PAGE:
Gareth Southgate says England are ready to end their semi-final hoodoo this week by making history and reaching their first final since 1966.
Having topped their Euro 2020 group and beaten old foes Germany in the round of 16, the Three Lions increased hope and expectation with Saturday's thumping 4-0 quarter-final win against Ukraine in Rome.
Denmark stand between England and their second ever final, having fallen at the penultimate hurdle at major tournaments on four occasions since winning the World Cup in 1966.
The galling World Cup semi-final defeat to Croatia three years ago was the latest but Southgate believes his side have learned from that disappointment and are ready to write their own history once again.
"We've knocked off so many hoodoos or perceived barriers already and I feel like this group of players will feel this is just the next challenge," the England manager said.
"I guess the interesting part for us is we won't feel totally satisfied if it's just a semi-final for us, whereas maybe three years ago, although there was massive disappointment after the semi-final, there was a feeling we'd come a long way.
"Now we've replicated what we did there, but that won't be enough to fulfil the group. That's a positive sign.
"The other thing that is so positive, these young players - 18, 19, 20, 21 - are getting more experiences of England that are positive and enjoyable and they're feeling what it can be like to be in an England shirt and have fun and win matches and have a relationship with the fans that is positive.
"That's so important for a generation to come. We'll get more out of their talent if we can keep that relationship with the fans."
A key difference to 2018 is heightened expectation, with Southgate himself admitting their benchmark in Russia was to end England's 12-year wait for a knockout victory.
The former defender now has more knockout wins than any England manager in history and will go looking for another in Wednesday's semi-final bolstered by a boisterous partisan crowd of 60,000-plus.
"It's great to be coming back now," said Southgate, who expects teenager Bukayo Saka to return to training on Monday after missing the Ukraine match with a slight knock.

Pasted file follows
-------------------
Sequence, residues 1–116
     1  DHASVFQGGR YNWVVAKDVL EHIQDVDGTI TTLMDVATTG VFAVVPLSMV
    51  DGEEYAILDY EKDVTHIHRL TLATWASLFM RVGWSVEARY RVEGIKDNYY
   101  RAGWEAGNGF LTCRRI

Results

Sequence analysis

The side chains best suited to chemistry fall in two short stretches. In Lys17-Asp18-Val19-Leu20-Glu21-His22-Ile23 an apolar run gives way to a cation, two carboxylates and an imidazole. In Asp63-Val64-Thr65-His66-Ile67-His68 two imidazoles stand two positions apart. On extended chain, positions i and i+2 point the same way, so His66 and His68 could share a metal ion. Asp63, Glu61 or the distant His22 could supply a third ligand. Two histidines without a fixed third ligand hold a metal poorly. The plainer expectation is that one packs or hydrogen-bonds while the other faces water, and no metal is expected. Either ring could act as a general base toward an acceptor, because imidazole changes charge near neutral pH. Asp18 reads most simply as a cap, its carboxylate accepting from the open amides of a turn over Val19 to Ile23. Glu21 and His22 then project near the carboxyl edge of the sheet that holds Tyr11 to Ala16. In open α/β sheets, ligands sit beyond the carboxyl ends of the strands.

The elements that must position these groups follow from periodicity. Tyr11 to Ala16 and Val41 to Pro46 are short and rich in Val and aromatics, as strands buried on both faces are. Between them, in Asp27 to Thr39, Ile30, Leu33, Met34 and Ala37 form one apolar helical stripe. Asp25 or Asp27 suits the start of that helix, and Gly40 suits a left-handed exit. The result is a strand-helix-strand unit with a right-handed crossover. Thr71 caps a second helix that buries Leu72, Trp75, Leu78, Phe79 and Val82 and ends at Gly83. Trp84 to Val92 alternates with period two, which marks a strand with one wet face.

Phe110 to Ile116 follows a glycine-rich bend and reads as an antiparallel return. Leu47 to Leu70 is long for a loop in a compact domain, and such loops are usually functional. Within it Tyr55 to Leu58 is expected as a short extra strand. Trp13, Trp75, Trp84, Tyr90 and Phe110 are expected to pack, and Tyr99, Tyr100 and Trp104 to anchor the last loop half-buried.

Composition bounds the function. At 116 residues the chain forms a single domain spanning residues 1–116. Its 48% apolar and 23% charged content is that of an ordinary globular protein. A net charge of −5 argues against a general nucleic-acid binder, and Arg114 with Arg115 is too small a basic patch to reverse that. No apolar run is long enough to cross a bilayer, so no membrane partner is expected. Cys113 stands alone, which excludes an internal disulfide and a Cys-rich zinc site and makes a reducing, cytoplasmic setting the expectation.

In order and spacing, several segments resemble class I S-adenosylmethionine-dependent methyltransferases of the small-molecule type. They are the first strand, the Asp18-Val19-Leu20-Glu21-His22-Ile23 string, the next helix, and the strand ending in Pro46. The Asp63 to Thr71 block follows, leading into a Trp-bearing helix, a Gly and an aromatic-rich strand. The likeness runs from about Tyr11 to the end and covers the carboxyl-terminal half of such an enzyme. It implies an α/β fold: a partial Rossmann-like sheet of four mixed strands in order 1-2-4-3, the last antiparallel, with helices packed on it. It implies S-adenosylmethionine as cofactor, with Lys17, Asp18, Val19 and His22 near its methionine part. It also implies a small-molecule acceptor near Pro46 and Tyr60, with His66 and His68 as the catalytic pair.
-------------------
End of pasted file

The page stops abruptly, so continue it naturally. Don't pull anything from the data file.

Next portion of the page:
"To go and have that different environment, preparation, focus was definitely helpful.
"But now to be coming back to Wembley is a great thing for us."
Southgate loved the atmosphere at Wembley against Germany - particularly the rendition of 'Sweet Caroline' at full-time - and appreciated the brilliant support they received from ex-pats in Rome.
The England boss believes it helps increase the focus of a team whose spirit is evident, with his "tribal elders" from the 2018 World Cup setting the tone in a young group that have all bought into things.
Southgate says going through "real-life experiences together" such as the sickening racism experienced in Montenegro and Bulgaria has helped to bring the group together.
Semi-final opponents Denmark have no doubt been made tighter by the shock of Christian Eriksen suffering a cardiac arrest in their group opener, reinforcing to all the need to make the most of every day.
"We talk about perspective in sport but we rarely have it," Southgate said. "This was a moment that brought it home for all of us.
"I can also imagine what it has done for the Danish team, their bond.
"We are talking about the things we have been through but what they went through that day - the way their captain was and the way the group was - and how that would have connected with their supporters. That's pretty powerful.
"Those things definitely have an impact on your thinking. We talk about pressure a lot and we lose perspective of what that might be when we play sport.
"But I know our players are at their best when they are calm and playing another game and the thinking process is really clear.
"Clearing that clutter away and clearing that noise away for the last couple of games and ahead of this next one is a crucial part of our preparation really."